What about factors that are less obvious, like the possibility that the creative power of the unconscious mind and the right hemisphere being more prominent in the mind of a genius (or the conscious mind being more recessive)? This might form part of the link I suspect exists with mental illnesses, although I've not yet found research to fully back that up.

      I don't think mental illnesses in the functional arena can categorically be called illnesses. They could be an understandable and natural reaction to a society that has become dysfunctional and quite frankly, inhuman.
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        Aug 28 2012: Mental illness in the functional arena is definitely an illness. I could go into a whole bunch of pathophysiology gobbledegook but I think it might be best to illustrate.

        I worked with a colleague for a very long time who was diagnosed bipolar. He was on medication and with the help of the medication was a highly functional professional. During the course of the illness he started to go in to manic symptomology and as part of the symptomology he decided he was cured and no longer needed medications. Well his behavior became increasingly bizarre and irrational and was no longer able to function in a professional capacity. To the point of loosing his position. We did not hear from him for a long time but several months later he came back. He lost everything family, house, job. His family finally intervened and had him evaluated and committed. During the course of treatment, they were able to reverse the mania down to a rational level. When he visited he was calm and rational but you could tell he was not all there. He was never able to return to an independent functional level after the manic episode, at least not in a professional capacity.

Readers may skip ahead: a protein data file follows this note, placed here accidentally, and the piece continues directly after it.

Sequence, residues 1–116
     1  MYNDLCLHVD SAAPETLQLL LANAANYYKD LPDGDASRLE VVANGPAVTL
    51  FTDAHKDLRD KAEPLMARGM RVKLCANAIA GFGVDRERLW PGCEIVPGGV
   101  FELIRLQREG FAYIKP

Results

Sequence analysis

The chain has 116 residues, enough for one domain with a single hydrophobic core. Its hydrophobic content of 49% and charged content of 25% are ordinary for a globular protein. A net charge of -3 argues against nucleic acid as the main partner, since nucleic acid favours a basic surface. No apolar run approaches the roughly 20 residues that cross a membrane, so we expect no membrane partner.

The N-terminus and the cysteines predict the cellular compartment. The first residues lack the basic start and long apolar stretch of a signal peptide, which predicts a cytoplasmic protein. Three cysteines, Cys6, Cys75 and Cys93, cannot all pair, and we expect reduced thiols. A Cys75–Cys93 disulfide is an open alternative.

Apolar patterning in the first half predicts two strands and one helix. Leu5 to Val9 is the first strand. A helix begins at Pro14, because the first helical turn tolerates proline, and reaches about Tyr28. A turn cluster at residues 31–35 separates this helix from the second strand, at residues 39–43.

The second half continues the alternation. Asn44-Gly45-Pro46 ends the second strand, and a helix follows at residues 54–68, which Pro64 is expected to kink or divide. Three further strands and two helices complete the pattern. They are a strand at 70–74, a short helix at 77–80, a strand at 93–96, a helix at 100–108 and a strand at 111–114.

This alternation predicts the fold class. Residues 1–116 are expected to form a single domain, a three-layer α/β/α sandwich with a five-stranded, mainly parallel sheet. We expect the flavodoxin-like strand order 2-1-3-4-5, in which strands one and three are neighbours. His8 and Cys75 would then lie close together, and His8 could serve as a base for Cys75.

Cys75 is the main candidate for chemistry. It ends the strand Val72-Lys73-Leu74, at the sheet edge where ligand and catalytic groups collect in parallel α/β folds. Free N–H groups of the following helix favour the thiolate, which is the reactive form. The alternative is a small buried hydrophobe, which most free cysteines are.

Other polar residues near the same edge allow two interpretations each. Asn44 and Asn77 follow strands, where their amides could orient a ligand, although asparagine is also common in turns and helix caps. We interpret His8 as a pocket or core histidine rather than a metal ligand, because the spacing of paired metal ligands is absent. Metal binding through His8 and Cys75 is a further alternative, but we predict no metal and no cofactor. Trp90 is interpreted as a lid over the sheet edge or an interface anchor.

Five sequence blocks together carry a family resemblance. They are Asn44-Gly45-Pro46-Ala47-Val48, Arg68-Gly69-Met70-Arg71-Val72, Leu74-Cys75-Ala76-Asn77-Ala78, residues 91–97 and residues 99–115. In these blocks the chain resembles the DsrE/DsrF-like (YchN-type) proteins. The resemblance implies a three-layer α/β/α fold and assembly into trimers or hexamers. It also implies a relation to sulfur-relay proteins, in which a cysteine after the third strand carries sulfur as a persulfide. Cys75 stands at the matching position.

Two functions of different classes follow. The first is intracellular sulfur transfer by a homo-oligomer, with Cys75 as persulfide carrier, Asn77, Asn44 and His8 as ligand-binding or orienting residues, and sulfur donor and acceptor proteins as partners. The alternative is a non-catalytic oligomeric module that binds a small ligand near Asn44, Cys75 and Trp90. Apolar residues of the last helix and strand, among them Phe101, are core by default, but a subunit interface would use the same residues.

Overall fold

The disease was NOT a natural reaction to society and perhaps you should find out a little more about mental illness before deciding that depression is due to politics or some nonsense.

        I agree all those people were geniuses and probably had mental illness. But I have not seen any statistics at all that say the incidence of mental illness is greater among geniuses than the greater population.

        I disagree that genius is some type of cosmic convergence of those traits and I think that genius is a human trait that anyone can access. I have seen glimmers of genius from many people you would never expect it from. Some people just apply it more often. Mosttly people who have all their basic needs satisfied and have time to write, read, study instead of trying to put food on the table.
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        Aug 28 2012: Sorry ran out of characters.

        I did not associate madness with genius, you did. Madness describes the behavior of rabid animals and when people act like rabid animals they are said to have madness, snarling, screaming, eating peoples faces in subways. (Recently happened here in the US). That is madness.

        That whole unconscious processing stuff may come in to play in certain strokes of genius. They are called strokes of genius for a reason. I just do not think we know enough about how the brain works in some of those processes to have a good understanding. We can see how it manifests in people, but remember, even Freud's theories are now just a novelty to look at.